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Microsoft gets support of privacy groups in battle against US

Court Legal

Privacy International has filed an amicus brief on behalf of 26 organizations in support of Microsoft’s battle against the US and the sticky fingers of its intelligence agencies.

This is a court case which has been ongoing for some time, as Microsoft has resisted the demands of the US government in handing over data which is stored on servers in Ireland. While the government believes as a US company Microsoft should hand over whatever it demands, Microsoft has been standing firm, stating it believes the US is overreaching considering the residence of the data and European data protection laws.

Late last week, Privacy International filed an amicus brief on behalf of itself and 26 human and digital rights organizations and legal scholars, supporting the tech giant.

Legal battles, such as this, are often long-drawn out affairs, where multiple do-gooders and glory chaser decide to add to the euphoria, because of the precedent which can be set. Very little of this case will concern the information which the US is currently trying to get its hands on, but if it is successful in this venture, the tracks will be laid for future pokes into personal and private information.

“Our brief further explains how the US Government’s position would set the stage for repeated violations of data-protection laws around the world,” Privacy International said in a statement.

“Approximately 120 countries have laws that specifically protect personal data. The US Government would similarly violate these laws in countless cases should it be given the authority to unilaterally seize data stored abroad. It would also place companies that provide online services in the untenable position of having to violate the laws of other countries in order to comply with warrants issued in the United States.”

The US often positions itself as the moral voice of the world, but only when that stance is consistent with domestic objectives. In this case, the US doesn’t seem to be bothered by the fact it would violate European data protection and privacy rules, because it has its own agenda and ambitions.

There are of course numerous objections which Privacy International has raised, but we feel this is one of the most important. Just because the process of storing information has changed does not mean a government has the right to impose its own standards and influence over citizens of other nations. Microsoft, irrelevant of its own drivers, is taking an important position against the government, which seems to want to head down the route of global Big Brother.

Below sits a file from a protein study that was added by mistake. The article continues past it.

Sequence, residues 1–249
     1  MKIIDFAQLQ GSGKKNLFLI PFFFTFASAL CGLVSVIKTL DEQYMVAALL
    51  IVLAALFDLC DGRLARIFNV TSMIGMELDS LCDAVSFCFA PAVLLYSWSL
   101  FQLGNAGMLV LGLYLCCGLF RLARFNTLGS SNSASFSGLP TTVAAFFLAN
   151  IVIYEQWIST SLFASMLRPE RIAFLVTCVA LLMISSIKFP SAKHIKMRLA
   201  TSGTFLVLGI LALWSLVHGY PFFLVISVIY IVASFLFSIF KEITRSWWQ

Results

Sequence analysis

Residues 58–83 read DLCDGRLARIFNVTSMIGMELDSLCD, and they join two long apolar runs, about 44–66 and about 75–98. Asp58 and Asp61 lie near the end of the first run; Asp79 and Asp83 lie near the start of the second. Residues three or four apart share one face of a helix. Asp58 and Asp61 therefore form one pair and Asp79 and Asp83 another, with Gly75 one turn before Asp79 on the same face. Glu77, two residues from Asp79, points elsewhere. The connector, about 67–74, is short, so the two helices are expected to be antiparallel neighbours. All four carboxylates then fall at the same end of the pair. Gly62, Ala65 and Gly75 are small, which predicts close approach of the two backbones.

Naturally, there will be circumstances where such information will need to and should be handed over to the government, but there have been numerous examples over the last couple of months where governments are seeking a blank cheque to snoop. There is a fine line between safety and privacy, but it is crucial accountability and jurisdiction is maintained.

The US government should not be allowed to force cloud companies to hand over information when it violates the domestic regulations where the data has been sourced. Just because it has the biggest army, the biggest economy and the most expensive car, does not give it the right to judge whether laws in other nations are substandard to its own.

“Under principles of comity, courts determine how to apply US law without unreasonable interference with the sovereign authority of other nations,” the statement reads. “Since construing the Stored Communications Act to have extraterritorial application would conflict with the data protection laws of many governments around the world, comity principles militate against such an interpretation.”

We are encouraged by the Microsoft position and resistance to pressure, from a government which does occasionally present itself as a bully, and support from organizations such as Privacy International will only help the courts move to, what we believe, is the right decision.

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